With the last party conference season before the general election having now ended, it is interesting to see the position the two main parties are now taking on the future of Employment Tribunal (ET) fees.
Fall in ET claims
The biggest change in employment law during the last four years of the Conservative-Liberal Democrat coalition government has been the introduction of ET fees. On 29 July 2013 the coalition government introduced fees of up to £250 to submit a claim to the ET and a further £950 should the claimant wish to pursue his/her claim to a final hearing.
Government statistics have indicated that since the introduction of ET fees there has been a 70% reduction in single ET cases being filed for the period April to June 2014 in comparison to the same period in 2013.
The reduction in ET claims was initially welcomed by Matthew Hancock, then Minister of State for Skills and Enterprise. He was quoted as saying: the new figures show that the introduction of fees discourages “weak and fictitious” claims.
However, concern has been raised that workers with legitimate grievances against their employers are being deterred from pursuing claims in the ET following the introduction of a fee system. Research from Citizens Advice reveals that 7 out of 10 potentially successful cases that could have gone before the ET are not going ahead.
Reviews of the system
The trade union, Unison, are continuing to pursue a judicial review of the introduction of ET fees on the grounds that the fees deny access to justice for workers treated unfairly by employers and have a disproportionate impact on women. In September 2014, following the release of the latest statistics on the fall in ET claims, the Lord Chancellor stayed proceedings in the Court of Appeal and gave Unison permission to issue a new High Court claim challenging the introduction of fees.
The government’s position on fees, or at least the level of those fees, does appear to be weakening in the face of the opposition they are encountering. The Minister for Employment Relations and Consumer Affairs, Jenny Willott has said that the level of ET fees is being kept under review by the government, adding that the regime is going to be subject to “a lot of parliamentary scrutiny”.
Although no indication has been given about what form this review will take, it seems likely that it will result in the level of ET fees being reduced and/or the remissions system for those who cannot afford the fees being relaxed; if for no other reason than to weaken the case for a judicial review.
The aim of the remission system was to protect access to justice with fees being reduced or removed entirely for people who are receiving certain benefits or whose income is below a certain level. The government had predicted in its original impact assessment for ET fees that 31% of claimants would be eligible for fee remission. A written answer in the House of Commons has, however, revealed that just 24% of remission applications made between 29th July and 31st December 2013 were granted (either in part or in full). To put that into perspective, it essentially amounts to remission being granted in a very low 5.5% of claims.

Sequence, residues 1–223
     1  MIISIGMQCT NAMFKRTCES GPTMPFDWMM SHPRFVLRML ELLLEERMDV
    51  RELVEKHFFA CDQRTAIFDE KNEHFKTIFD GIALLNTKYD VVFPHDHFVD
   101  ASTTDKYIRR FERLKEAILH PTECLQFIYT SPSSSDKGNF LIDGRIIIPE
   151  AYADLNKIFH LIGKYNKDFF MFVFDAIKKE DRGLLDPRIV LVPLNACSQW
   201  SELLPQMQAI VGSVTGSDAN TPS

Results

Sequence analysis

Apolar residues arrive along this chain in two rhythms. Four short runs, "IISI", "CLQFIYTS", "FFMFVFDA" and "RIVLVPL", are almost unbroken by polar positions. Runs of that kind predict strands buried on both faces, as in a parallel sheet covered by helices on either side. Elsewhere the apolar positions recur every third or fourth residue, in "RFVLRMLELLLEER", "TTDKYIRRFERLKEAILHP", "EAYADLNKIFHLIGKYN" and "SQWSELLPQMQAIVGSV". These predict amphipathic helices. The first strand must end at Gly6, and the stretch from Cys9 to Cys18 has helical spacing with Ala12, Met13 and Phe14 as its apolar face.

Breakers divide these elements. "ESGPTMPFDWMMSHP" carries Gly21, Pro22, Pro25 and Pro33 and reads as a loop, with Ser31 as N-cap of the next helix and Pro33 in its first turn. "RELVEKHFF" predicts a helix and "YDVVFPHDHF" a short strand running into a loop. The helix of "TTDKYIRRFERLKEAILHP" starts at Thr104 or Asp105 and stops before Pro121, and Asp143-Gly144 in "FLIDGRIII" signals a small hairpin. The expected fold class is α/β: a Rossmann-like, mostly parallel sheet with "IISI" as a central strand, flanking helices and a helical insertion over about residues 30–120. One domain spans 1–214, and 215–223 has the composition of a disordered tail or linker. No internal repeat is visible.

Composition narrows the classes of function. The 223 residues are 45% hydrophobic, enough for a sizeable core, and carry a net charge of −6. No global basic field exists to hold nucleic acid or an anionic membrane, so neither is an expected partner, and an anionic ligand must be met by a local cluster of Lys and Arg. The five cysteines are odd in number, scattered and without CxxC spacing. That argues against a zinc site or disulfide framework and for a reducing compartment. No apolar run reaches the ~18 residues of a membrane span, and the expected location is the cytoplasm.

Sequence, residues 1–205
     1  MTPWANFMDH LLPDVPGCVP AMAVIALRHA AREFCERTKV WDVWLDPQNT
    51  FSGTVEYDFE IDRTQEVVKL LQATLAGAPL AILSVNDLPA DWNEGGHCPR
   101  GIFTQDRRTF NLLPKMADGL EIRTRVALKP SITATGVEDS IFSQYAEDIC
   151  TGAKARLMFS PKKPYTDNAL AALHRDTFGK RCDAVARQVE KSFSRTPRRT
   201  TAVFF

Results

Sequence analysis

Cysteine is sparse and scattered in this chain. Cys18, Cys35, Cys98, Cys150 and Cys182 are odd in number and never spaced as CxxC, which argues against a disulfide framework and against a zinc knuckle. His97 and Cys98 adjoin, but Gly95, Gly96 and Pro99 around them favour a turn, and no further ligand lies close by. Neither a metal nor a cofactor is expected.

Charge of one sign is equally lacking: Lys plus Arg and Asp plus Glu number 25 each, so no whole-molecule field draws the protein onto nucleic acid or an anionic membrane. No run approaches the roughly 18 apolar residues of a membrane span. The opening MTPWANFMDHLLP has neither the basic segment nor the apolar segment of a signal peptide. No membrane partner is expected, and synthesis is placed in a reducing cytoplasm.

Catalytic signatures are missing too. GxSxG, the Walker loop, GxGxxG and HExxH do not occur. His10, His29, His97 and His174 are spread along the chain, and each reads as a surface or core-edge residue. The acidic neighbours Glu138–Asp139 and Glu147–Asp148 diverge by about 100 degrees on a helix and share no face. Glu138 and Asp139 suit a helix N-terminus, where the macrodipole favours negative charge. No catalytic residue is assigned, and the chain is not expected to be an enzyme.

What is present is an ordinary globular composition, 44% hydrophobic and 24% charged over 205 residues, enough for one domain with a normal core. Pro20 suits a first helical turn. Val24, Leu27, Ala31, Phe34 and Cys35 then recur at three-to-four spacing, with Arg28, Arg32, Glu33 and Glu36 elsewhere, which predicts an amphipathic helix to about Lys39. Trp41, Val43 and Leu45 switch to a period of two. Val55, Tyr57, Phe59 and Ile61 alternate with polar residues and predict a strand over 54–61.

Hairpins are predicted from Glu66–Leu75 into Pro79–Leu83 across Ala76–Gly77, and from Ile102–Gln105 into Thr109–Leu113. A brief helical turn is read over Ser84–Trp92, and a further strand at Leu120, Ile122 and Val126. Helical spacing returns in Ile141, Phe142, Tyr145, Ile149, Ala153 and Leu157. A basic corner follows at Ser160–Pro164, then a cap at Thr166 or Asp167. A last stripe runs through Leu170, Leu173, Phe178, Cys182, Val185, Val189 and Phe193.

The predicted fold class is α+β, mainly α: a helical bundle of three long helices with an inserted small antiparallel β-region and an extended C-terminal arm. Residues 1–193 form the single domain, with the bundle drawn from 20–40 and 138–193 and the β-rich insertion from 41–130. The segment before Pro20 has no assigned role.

The Labour Party’s position is that it will introduce an ET system where affordability will not be a barrier to justice. The Shadow Business Secretary, Chuka Umunna announced at a speech to the TUC conference on 8 September 2014 that “the current employment tribunal system is unfair, unsustainable and has resulted in prohibitive costs locking people out of the justice they are entitled to… So if we are elected the next Labour Government will abolish the current system, reform the employment tribunals and put in place a new system which ensures all workers have proper access to justice.”
There is very little detail as to how this new system will work but it is unlikely to see the end of ET fees all together. Given the budget constraints facing any incoming government, the ET system will have to at the very least be partly self-financing. Therefore it is likely that fees (albeit lower) will remain for higher earners but with a new system put in place to ensure lower income claimants are not prevented from pursuing legitimate claims.
It is clear that whichever of the two main political parties form a government after the general election on 7 May 2015, the current ET fees regime will be amended to increase access to the system. The extent of these changes is though likely to vary with the Conservatives committed only to reviewing the current system whilst Labour has pledged to abolish it entirely. Either way it is likely that employers can expect ET claims to increase after the general election from their current low water mark.
Click one of our articles to continue reading about duty to make reasonable adjustments, dependents leave and disappearing employees and the latest TUPE update. Binding communications about pay, when employees strike, the on-call conundrum, the scope of reasonable adjustments and finally In a nutshell.